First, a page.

By Fr. David Hoying, C.PP.S.
Before rereading several of the biographies of Gaspar, I was rather unaware of a prominent part of his ministry, the many wonders and miracles that blessed his life. What further struck me was Gaspar’s response to them. So routinely did they happen, that never did they disrupt his ministry. On these he never gloated. He accepted them as quiet but fruitful signs of his faithfulness to God’s will. More than wonders, other signs also witnessed to the fruitfulness of his ministry—great crowds, abundant penitents, surprising conversions and the lasting quality of his preaching.
Most singular of Gaspar’s wonders was the event in Meldola in 1818. He was observed preaching before the church with crucifix in hand, while yet at the same time was seen in the confessional giving absolution. We ought not to dismiss Gaspar’s miracles as unimportant or to nuance them out of existence. Rather, we ought to take them at face value, and ask what are these miracles telling us, what lessons are in them for us Missionaries? Therefore, what does Gaspar’s bilocation—his preaching and absolving at the same time—tell us? Does it not speak of a relationship and an equality between the two? For Gaspar, preaching and confession so naturally went together. Do we find that same connection of the two in our own ministry?
Gaspar was compelled by the Holy Spirit to preach the power of the Precious Blood—as he himself said, for this we are priests, “to apply the merits of the Divine Blood.” As well, he said, “I would like to draw every heart to the Precious Blood.” The end of Gaspar’s preaching was the conversion of sinners and having them “be purified by the blood of redemption.”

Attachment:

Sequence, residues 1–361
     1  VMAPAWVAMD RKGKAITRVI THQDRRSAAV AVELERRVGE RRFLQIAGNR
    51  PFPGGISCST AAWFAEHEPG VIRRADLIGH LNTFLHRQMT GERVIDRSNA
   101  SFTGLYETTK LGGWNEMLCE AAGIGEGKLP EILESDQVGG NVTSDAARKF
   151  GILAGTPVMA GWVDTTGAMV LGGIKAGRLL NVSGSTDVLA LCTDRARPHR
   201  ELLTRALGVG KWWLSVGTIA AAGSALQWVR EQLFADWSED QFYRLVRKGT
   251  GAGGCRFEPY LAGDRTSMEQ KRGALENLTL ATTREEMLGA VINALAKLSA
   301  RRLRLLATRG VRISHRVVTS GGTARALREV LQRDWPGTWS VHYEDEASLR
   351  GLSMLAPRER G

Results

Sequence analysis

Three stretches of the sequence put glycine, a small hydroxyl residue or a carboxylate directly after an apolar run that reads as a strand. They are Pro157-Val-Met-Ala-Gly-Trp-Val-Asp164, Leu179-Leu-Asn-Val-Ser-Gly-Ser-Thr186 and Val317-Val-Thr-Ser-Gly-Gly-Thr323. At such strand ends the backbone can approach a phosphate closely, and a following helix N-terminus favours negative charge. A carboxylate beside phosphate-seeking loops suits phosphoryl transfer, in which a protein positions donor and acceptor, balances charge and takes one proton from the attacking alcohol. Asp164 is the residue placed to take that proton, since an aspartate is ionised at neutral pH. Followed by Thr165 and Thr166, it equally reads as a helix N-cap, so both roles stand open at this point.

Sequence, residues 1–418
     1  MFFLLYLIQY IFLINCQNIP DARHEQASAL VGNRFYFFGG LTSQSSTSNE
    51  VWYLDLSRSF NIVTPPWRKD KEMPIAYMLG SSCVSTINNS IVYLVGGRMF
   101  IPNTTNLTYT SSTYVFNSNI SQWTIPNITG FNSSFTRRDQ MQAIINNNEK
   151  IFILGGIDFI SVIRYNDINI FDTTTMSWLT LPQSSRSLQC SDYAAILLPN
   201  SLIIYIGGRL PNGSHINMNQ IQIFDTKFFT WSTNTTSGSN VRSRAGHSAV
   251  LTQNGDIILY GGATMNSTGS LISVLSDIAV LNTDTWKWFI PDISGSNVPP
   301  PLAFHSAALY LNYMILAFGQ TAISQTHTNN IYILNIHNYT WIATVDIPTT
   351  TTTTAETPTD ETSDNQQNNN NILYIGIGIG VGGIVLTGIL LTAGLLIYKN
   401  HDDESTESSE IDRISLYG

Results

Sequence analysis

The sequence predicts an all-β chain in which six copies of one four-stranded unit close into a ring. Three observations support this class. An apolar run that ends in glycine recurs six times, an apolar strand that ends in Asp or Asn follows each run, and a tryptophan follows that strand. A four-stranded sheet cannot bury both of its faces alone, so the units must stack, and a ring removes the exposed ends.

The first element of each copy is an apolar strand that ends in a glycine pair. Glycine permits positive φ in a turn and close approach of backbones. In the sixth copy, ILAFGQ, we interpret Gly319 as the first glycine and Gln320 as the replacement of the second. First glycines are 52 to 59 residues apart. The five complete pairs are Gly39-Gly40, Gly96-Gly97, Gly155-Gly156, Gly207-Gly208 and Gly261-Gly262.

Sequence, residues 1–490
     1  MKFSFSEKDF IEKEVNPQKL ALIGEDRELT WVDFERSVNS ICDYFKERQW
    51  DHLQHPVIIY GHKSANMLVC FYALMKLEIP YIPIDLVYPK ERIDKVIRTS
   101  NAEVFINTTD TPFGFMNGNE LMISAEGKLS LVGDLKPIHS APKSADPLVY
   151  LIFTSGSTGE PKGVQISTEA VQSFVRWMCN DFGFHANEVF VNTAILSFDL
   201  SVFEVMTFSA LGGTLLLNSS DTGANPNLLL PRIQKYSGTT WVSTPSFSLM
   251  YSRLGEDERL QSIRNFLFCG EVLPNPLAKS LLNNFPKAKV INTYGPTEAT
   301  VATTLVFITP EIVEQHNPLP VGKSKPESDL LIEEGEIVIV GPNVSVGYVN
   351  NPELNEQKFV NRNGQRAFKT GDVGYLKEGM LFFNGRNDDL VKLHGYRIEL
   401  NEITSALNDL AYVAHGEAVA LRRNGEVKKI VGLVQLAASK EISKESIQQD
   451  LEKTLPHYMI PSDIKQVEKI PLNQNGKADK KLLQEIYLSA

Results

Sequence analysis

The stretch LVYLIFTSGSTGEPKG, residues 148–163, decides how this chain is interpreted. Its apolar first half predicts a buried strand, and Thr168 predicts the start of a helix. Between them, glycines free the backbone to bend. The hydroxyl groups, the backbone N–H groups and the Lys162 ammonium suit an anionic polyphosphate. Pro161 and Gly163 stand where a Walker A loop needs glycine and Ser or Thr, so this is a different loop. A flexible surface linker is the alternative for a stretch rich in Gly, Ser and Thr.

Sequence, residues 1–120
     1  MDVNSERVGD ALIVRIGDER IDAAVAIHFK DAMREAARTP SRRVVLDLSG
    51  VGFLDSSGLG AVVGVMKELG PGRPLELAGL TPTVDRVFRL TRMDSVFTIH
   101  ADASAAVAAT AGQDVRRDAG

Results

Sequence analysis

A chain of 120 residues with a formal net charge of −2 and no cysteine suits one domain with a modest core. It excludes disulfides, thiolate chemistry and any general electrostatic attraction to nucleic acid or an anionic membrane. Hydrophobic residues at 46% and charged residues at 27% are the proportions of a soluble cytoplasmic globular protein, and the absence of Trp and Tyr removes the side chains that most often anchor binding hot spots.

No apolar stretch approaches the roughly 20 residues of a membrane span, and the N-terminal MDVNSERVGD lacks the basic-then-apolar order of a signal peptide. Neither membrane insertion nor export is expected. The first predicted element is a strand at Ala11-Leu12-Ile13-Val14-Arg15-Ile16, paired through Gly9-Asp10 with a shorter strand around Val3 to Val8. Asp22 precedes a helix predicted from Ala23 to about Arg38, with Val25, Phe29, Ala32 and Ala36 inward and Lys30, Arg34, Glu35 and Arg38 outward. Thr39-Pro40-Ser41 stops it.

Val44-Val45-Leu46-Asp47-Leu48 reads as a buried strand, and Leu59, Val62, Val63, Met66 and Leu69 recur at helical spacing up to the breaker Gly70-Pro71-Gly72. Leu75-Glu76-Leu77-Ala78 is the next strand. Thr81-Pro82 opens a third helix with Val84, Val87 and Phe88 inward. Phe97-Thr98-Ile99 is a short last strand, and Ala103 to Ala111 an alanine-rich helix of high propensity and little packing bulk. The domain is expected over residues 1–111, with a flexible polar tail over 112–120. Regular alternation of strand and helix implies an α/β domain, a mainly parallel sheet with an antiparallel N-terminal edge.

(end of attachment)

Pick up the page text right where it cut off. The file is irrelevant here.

Drawn to the Truth of Jesus
Gaspar’s zeal embodied his love for Jesus and his truth. Gaspar was so convicted in his love for Jesus and his Precious Blood, that when he preached, he spoke with such compassion and devotion that those who heard were as well convicted. They were struck and drawn to the truth of Jesus, the acceptance of which brought them to conversion. Always, the sacrament of penance was a pillar of his missions. It was, as well, an important ministry of the mission house, to which Gaspar said the missionaries were to assiduously apply themselves.
Confession was the absolute and necessary corollary to preaching. Preaching was the cause and confession the effect. Confession was always the fruit of Gaspar’s preaching. They were a dynamic duo that was inseparable. Spinelli relates that Gaspar saw all the sacraments, especially confession, as founded on the Precious Blood. St. Gaspar says that in this sacrament there is verified that being “justified in the blood, we will be saved by it from wrath.” And, he further states. “O what great work we will accomplish, my beloved in Jesus Christ. O Souls, come and cleanse yourselves in the Blood of the Lamb.”
Our modern sensibilities do not take to this truth too readily. After all, it is all just too spiritual, and who yet makes use of this antiquated sacrament? But, is there not a more serious reality than sin that calls out for reconciliation?
The Intersection of Two Beams